Whoopi Goldberg 3.0: Sister Has a New Act

Whoopi Goldberg in her dressing room at 'The View' in March. Spencer Heyfron for Newsweek

Of the many things George W. Bush has been blamed for, add this to the list: Whoopi Goldberg says he almost killed her career.

It all started with a joke Goldberg made at a 2004 fundraiser for John Kerry. As she recalls it, she said, “I love bush, but someone is giving bush a bad name.” A pretty tame line, for Whoopi. But by the next morning the New York Post was reporting that she’d delivered “an X-rated rant full of sexual innuendos against President Bush.”

Whether or not Goldberg crossed the line, doors started slamming in her face. Slim-Fast dropped her as a spokesperson. She was disinvited from the Democratic National Convention. Movie and TV roles dried up. She sold her house in Tuxedo Park, N.Y., and downsized to a Manhattan apartment (sans doorman). “I never thought living in America, especially being a comic, you could be gotten economically like that,” she says. “I didn’t work for years.” Though it may be a stretch to pin Whoopi’s career woes on that one radioactive riff, this much is certain: “It was a tough time,” says her friend Billy Crystal. “You hit a certain age where it all gets hard. I think that’s why The View is so good for her.”

And Whoopi has been good for The View. Since she took Rosie O’Donnell’s seat in 2007, the show has seen some of its best ratings. Not one to tone down her act, she regularly makes headlines for her onstage antics, like walking out on Bill O’Reilly or suggesting to Donald Trump that being a “birther” and being a racist are one and the same. At first Whoopi seemed an odd choice for a morning talk show. She isn’t interested in celebrity gossip or reality TV. “I am not comfortable talking about Dancing With the Stars, because I don’t f--king watch it,” she says. Despite her potty mouth (or maybe because of it), audiences still love Whoopi. According to the Q Scores company, she is twice as popular with adult females as any of her View co-hosts, and even more liked than Oprah. “I do feel that we started a whole new chapter in Whoopi’s career,” says her co-host Barbara Walters.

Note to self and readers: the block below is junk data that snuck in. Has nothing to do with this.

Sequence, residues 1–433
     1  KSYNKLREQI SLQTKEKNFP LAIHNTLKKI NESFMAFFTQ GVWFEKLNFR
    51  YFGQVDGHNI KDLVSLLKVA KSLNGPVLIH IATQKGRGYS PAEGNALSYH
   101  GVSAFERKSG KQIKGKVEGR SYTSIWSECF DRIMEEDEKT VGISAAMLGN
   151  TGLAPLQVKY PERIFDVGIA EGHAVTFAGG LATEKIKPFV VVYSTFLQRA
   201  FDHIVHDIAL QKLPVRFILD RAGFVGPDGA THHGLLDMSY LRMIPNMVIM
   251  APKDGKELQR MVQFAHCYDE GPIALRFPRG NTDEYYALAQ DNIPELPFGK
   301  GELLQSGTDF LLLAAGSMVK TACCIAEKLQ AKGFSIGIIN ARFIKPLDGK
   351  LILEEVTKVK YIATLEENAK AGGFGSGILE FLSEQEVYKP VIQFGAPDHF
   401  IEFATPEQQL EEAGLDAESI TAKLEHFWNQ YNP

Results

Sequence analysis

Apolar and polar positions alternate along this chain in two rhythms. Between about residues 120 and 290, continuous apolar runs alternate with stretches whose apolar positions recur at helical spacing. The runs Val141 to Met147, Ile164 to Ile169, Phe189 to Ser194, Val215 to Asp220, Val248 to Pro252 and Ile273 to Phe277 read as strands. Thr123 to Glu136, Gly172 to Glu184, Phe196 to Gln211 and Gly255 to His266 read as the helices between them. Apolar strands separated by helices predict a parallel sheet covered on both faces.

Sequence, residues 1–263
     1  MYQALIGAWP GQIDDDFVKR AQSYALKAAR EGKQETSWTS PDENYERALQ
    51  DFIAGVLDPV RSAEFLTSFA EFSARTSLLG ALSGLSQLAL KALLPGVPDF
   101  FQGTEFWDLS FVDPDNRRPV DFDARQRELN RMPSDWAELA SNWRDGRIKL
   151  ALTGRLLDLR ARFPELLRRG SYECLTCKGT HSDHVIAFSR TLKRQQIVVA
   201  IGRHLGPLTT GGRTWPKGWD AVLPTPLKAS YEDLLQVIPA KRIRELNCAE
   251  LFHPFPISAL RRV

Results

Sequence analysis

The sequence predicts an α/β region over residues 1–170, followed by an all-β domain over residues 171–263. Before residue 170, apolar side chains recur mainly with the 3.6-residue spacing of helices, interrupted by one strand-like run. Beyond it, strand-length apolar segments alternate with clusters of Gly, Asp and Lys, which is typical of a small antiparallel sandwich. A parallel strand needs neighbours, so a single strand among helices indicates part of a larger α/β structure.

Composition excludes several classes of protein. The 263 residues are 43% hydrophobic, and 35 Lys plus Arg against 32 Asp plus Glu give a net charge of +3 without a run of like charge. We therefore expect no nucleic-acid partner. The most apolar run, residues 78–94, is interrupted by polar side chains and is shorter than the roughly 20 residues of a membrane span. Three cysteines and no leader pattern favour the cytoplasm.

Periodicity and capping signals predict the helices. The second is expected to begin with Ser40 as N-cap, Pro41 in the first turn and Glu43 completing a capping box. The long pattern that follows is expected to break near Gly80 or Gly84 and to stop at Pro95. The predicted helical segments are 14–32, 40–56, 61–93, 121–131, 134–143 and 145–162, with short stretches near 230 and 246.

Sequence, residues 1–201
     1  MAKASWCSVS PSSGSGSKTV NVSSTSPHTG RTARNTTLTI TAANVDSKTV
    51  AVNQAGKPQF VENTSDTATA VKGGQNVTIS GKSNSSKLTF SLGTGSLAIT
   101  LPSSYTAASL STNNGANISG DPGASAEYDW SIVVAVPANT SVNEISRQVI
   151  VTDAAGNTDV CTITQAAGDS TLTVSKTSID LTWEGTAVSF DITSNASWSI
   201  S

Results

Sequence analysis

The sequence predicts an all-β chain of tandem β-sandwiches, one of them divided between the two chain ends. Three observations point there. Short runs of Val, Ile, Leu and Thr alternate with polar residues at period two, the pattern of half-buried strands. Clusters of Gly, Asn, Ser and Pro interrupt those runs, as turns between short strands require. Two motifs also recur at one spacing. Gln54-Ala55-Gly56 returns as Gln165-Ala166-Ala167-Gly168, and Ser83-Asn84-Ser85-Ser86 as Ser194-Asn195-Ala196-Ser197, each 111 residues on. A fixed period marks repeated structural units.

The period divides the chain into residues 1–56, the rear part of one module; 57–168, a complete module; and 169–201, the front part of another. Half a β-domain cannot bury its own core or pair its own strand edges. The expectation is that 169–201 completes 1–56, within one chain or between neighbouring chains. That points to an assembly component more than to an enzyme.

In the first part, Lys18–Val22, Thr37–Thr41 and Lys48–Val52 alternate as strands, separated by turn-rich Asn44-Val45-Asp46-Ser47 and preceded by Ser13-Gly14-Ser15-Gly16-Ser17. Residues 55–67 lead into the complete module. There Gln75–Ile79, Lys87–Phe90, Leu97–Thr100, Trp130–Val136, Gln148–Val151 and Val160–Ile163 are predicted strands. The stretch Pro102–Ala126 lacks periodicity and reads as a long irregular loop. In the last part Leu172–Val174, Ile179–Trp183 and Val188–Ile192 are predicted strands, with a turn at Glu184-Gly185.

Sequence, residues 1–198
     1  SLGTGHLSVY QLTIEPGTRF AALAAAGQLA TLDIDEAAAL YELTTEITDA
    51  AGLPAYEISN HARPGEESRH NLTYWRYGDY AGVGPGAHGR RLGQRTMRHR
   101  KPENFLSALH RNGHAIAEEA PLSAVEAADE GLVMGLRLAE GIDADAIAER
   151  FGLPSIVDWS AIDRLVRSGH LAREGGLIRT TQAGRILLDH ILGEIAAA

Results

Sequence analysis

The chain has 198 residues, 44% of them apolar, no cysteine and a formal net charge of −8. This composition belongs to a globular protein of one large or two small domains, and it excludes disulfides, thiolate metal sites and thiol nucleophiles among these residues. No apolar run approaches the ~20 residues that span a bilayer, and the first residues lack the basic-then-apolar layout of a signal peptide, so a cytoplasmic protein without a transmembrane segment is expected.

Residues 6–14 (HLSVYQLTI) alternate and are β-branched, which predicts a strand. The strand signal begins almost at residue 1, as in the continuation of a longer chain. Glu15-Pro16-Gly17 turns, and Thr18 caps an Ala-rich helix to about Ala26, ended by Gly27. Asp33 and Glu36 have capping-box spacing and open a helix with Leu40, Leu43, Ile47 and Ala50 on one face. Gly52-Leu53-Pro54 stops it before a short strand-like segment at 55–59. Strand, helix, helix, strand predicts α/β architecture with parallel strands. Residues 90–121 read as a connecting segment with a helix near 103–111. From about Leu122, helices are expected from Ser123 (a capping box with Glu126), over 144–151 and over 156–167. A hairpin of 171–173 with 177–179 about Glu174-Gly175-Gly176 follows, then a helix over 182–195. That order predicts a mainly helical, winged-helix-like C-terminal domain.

That new chapter includes a turn as a Broadway producer. This month brings the New York debut of Sister Act, a stage musical version of her hit 1992 film that features disco-dancing nuns and a giant mirror-covered madonna (the show was already a hit in London). And Goldberg has Broadway ambitions for a second musical she’s produced in Chicago, called White Noise, about white supremacists who start a pop band. She is also making a documentary about the black comedian Moms Mabley.

Do the extracurricular activities mean Whoopi’s thinking of leaving The View when her contract is up? “I have thought about leaving at the end of the season to pursue that which makes me whole,” she says sarcastically. “Please. I like the job. I want, like, four days where I don’t have to do anything. I just want to smoke cigarettes and read. I know that’s not the PC thing to do.” As if Whoopi ever worried about that.

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